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The most powerful rockets in history speed up the race to the Moon

2023-03-26T10:55:46.223Z


NASA and SpaceX build two gigantic space shuttles, essential to be able to set foot on the satellite again this decade


The year 1968, which began with massive protests against the Vietnam War and continued with social revolutions for freedom, ended with historic runs, jumps and flights.

On the athletic tracks of the Games in Mexico, many Olympic champions achieved feats that seemed insurmountable, from another world.

It took decades for the last of those world records to be broken, such as those for the 100-meter dash and long jump, achieved in October 1968. Two months later, Apollo 8

took off, the first ship that carried astronauts to fly

over Moon.

It was the first manned mission launched by a Saturn V, which remained the most powerful rocket in history until the Artemis program for lunar reconquest began in 2022.

On November 16, NASA broke its own record, more than 50 years later.

On takeoff of the

Artemis 1 mission

the SLS launch vehicle (acronym in English for space launch system) marked a slightly higher momentum (15%) than that of the Saturn V. But everything indicates that this record will soon be pulverized.

The title of the most powerful rocket in history will go to SpaceX's Starship (which doubles the takeoff thrust of the Saturn V) as soon as it makes its first successful flight, and that could happen this April, Elon Musk announced on Twitter. last week.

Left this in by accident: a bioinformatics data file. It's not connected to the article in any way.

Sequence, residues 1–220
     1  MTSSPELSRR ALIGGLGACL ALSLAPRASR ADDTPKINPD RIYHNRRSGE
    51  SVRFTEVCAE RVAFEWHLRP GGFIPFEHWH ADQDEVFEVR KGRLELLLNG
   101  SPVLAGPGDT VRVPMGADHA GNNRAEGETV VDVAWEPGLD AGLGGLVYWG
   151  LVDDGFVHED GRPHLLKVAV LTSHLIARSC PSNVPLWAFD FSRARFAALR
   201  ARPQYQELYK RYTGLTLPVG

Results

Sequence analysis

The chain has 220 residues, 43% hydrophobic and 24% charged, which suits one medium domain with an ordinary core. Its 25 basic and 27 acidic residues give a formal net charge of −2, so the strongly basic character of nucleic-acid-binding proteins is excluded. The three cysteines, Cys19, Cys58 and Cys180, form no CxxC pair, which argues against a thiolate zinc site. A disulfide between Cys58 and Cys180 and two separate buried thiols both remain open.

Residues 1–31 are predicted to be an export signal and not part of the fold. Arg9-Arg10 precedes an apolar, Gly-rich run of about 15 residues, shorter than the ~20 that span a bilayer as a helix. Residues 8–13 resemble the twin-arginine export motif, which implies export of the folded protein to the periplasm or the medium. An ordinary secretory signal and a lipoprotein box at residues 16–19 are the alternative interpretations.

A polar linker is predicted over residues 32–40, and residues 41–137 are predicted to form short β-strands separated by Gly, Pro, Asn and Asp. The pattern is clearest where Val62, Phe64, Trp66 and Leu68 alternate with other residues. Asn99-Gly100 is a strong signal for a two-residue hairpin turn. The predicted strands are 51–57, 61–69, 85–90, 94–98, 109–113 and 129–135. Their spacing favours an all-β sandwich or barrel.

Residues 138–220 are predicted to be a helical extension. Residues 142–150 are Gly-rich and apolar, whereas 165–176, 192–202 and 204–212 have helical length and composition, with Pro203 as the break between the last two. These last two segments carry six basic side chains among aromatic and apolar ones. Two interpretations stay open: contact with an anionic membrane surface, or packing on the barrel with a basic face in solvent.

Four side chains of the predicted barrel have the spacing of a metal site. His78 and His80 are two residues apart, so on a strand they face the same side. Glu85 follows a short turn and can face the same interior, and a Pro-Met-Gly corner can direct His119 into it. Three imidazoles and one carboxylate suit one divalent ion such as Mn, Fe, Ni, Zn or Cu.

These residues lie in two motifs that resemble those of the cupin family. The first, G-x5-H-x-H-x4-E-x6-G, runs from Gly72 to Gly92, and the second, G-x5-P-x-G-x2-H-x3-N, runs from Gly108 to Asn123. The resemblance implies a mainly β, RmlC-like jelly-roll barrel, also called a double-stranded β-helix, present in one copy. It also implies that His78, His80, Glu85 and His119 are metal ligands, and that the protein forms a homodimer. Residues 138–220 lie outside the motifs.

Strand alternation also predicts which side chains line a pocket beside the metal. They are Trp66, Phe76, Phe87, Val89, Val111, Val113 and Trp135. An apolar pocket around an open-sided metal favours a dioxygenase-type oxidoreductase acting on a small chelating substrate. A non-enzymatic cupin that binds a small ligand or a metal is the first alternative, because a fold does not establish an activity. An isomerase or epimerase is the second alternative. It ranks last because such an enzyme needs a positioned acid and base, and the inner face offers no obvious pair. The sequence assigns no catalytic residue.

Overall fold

The president of the aerospace company SpaceX also wants his megarocket to be the first that can be reused over and over again: "The key to taking life beyond Earth is to have a completely and quickly reusable orbital rocket" Musk said in a recent interview.

Mega rockets are essential in the new space race, whose first challenge is to set foot on the Moon again this decade and establish a colony on Mars as its goal.

None of this will be possible without this new generation of super-heavy payload launch vehicles, capable of lifting around 100 tons of cargo into low-Earth orbit.

There they detach, after leaving the spaceships ready to shoot towards other worlds.

Of the 384,000 kilometers of average distance to which the Moon is, the most critical part of the trip is to ascend to almost 200 kilometers of altitude, until placing the spacecraft revolving around the Earth in a low orbit, which is stable and safe.

All in less than 10 minutes, in which a failure is fatal.

“In that initial stage, most of the energy and fuel of a mission to the Moon is consumed, and also a large part of its astronomical budget of billions of dollars,” explains Rafael Clemente, historian of the space race and author from books like

The Other Flights to the Moon

(Dome Books, 2021).

And it is that, in order to escape the force of gravity with the heavy load necessary for that trip, the record power of the gigantic SLS and Starship rockets is needed, as tall as 30-story buildings.